A    A    A

Urinary Retention

Sponsored Links

Urinary retention means inability to pass urine completely as some amount gets retained in the urinary bladder. Although a person will feel the urge to urinate, he/she cannot either initiate urination smoothly or empty the bladder completely.

Urinary retention can be chronic and acute. In case of chronic urinary retention, the patient can pass urine but will experience problems with storing in and emptying from the bladder. Acute urinary retention is characterized by sudden inability to pass urine and it calls for immediate medical help.

Symptoms of urinary retention

Chronic urinary retention

  • Problem in starting urine
  • Weak flow of urine
  • Frequent urge to urinate
  • Urine infections
  • Post urination dribbling

Acute urinary retention

  • Inability to urinate, despite urgent need
  • Bloating of lower belly
  • Abdominal pain
  • Great deal of discomfort

Causes of urinary retention

Urinary retention is primarily caused either due to complication in bladder function or due to improper co-ordination of nervous signal between the bladder and the brain.

1.Neurogenic bladder: Damage of the nerves in the bladder can hinder normal contraction and relaxation required to excrete urine. It can also affect urethral function. The reasons are:

  • Vaginal childbirth
  • Brain, spinal cord and pelvis injury
  • Birth defects in spinal cord and nervous system
  • Diabetes, stroke, multiple sclerosis

2.Enlargement of prostate

3.Side effects of medicines for allergy, depression, urinary incontinence, muscle spasms, etc.

4.Stone in the bladder

5.Narrowing or closure of the urethra- urethral stricture

6.Urinary tract infection

7.Side effect of surgery

8.Bladder prolapse due to chronic cough, constipation, etc.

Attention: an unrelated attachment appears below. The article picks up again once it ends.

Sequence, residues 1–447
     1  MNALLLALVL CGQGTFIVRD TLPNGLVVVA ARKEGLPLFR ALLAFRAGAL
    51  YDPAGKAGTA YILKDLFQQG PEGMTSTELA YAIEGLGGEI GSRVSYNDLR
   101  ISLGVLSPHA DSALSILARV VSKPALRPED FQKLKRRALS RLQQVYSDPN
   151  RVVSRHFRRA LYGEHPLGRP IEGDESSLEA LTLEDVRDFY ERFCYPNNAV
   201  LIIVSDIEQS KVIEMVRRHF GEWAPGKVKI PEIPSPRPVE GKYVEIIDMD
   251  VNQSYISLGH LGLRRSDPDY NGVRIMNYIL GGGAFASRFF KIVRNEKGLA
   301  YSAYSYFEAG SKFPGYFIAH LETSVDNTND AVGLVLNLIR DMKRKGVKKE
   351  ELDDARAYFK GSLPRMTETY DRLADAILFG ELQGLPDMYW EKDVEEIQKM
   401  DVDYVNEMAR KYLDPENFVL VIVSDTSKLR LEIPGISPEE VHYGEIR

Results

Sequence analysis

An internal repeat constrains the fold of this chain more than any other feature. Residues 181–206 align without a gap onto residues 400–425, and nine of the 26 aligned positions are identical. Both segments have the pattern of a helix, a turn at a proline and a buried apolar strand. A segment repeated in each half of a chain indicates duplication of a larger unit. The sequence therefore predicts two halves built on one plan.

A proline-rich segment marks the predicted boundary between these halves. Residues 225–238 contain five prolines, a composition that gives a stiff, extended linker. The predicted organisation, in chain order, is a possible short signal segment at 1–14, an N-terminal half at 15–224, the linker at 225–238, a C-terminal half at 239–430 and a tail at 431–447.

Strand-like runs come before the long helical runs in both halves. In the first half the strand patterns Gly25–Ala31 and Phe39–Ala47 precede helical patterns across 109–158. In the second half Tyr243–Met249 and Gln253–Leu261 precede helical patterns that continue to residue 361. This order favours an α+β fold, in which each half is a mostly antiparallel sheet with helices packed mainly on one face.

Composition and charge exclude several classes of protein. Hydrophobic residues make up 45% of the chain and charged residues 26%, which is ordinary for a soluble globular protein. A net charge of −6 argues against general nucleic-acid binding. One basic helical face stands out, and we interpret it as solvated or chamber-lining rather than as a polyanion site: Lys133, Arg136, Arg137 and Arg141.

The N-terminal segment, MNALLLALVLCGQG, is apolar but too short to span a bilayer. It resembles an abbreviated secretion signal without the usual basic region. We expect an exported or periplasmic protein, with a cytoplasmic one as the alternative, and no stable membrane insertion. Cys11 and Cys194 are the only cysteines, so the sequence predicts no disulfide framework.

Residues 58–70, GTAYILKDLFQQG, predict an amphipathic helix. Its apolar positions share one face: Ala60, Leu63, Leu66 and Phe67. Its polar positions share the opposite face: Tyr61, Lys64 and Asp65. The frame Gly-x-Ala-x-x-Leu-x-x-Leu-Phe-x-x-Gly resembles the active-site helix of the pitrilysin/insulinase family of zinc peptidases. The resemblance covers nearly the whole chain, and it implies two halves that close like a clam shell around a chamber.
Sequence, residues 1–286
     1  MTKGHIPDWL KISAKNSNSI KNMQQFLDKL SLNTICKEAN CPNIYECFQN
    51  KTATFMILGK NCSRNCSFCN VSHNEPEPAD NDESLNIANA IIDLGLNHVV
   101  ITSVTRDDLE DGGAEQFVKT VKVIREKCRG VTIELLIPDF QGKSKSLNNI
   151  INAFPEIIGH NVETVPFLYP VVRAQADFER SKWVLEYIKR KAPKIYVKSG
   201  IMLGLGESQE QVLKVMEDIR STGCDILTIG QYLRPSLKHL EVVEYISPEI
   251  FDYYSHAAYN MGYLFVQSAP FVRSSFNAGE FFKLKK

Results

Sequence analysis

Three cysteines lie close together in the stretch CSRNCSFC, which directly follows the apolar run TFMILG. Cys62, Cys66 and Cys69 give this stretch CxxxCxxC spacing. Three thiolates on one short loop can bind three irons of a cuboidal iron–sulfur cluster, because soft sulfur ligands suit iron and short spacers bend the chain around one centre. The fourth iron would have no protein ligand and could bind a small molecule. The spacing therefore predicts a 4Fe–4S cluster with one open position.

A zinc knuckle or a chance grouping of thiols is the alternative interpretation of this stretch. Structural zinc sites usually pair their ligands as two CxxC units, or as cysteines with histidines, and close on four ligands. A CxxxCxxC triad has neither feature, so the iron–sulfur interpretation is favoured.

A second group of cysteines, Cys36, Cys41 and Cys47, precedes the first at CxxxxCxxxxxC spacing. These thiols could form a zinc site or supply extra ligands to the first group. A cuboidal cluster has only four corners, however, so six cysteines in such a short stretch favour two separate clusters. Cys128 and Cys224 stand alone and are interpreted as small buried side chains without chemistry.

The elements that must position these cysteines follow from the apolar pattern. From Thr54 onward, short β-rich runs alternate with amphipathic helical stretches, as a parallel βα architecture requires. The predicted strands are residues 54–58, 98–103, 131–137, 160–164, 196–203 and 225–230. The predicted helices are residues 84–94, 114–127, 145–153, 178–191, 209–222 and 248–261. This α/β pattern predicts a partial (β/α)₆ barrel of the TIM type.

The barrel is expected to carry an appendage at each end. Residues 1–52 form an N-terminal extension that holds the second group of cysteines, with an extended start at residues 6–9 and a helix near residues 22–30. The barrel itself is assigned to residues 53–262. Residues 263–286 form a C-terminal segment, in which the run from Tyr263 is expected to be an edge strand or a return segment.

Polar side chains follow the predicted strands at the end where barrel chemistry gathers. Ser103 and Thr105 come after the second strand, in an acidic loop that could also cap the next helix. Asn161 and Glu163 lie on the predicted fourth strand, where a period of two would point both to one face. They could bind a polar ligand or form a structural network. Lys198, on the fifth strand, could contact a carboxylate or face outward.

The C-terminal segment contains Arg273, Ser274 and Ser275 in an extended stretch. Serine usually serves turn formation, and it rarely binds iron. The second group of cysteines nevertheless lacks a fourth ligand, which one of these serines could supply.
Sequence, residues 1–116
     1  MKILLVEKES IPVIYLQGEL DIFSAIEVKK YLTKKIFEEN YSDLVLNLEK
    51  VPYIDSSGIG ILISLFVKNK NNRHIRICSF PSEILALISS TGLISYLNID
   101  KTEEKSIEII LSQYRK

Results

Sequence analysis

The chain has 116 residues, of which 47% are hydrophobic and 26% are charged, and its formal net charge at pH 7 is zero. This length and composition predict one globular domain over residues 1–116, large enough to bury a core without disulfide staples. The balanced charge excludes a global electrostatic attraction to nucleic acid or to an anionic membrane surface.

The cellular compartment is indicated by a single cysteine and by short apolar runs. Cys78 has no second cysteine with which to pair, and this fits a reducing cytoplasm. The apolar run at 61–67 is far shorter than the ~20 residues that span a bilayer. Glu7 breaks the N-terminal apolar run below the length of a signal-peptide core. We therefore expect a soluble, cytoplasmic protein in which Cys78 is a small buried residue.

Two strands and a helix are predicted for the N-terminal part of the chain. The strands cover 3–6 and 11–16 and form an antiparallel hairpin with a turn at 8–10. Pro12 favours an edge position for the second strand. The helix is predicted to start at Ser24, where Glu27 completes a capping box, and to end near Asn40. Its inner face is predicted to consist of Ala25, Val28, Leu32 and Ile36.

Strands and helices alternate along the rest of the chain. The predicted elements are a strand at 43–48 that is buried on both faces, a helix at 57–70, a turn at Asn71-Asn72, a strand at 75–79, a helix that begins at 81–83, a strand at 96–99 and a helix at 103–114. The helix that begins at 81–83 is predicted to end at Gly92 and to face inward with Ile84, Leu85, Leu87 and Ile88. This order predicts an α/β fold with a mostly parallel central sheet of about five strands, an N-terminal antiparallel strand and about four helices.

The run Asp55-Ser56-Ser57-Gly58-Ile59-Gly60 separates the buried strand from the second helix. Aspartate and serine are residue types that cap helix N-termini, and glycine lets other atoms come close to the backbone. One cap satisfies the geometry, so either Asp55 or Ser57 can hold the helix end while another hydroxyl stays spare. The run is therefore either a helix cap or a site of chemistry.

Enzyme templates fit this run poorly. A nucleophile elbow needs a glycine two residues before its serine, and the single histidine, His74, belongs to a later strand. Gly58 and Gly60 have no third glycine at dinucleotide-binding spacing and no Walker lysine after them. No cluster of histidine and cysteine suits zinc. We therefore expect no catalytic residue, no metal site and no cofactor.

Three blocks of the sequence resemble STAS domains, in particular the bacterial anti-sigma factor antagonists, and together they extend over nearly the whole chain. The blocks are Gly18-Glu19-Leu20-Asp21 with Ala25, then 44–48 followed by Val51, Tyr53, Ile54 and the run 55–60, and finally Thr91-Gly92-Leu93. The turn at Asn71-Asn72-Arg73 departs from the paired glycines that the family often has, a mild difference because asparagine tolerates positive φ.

What are the complications of urinary retention?

Delay in treatment and prolonged retention of urine can lead to bladder damage and chronic kidney disease

Diagnosis of urinary retention

Your doctor shall initiate the diagnosis by enquiring several questions regarding your medical history and the tentative time since when you have been experiencing the problems. He/she will physically examine your lower belly.

Subsequently you might need to undergo a series of tests to complete the diagnosis. The tests include:

  • Urine sampling for detecting infections
  • Urodynamic test  to study the function of the bladder
  • X ray and CT scan of the urinary tract
  • Ultrasound of the bladder to check for post-void residual urine volume
  • Cystoscopy of the bladder and urethra
  • Blood test for prostate specific antigen to determine prostate problems

Treatment for urinary retention

There are several lines of treatment for restoring the function of the bladder which depend completely on the diagnostic test reports.

Antibiotics are prescribed for healing urinary tract infections. With this treatment, you can urinate normally again.

A catheter is inserted via the urethra to drain the bladder. It could be a short term treatment option or long term mostly in case of acute urine retention. American Urological Association (AUA) guidelines recommend conducting at least one trial of voiding the bladder post catheter removal before considering a surgery.

Prostate enlargement can be resolved either with medication or surgery. Similarly, the urethra is dilated with the help of tubes or stents to heal urethral strictures.

Surgery is one of the major lines of treatments for stones and fallen bladder. Urinary diversion may be done when other treatments fail to normalize urine excretion.

Can urine retention be prevented?

You can reduce your chances of becoming vulnerable to bladder problems when you keep your system hydrated regularly. Drink plenty of water while cutting down on caffeinated beverages. Secondly, practise proper hygiene, especially while using public toilets to avoid contracting UTIs.

Urinary retention under any circumstance should not be neglected. Check up with your doctor whenever you experience trouble in passing urine.

Sponsored Links

Written by: Saptakee sengupta
Date last updated: January 29, 2015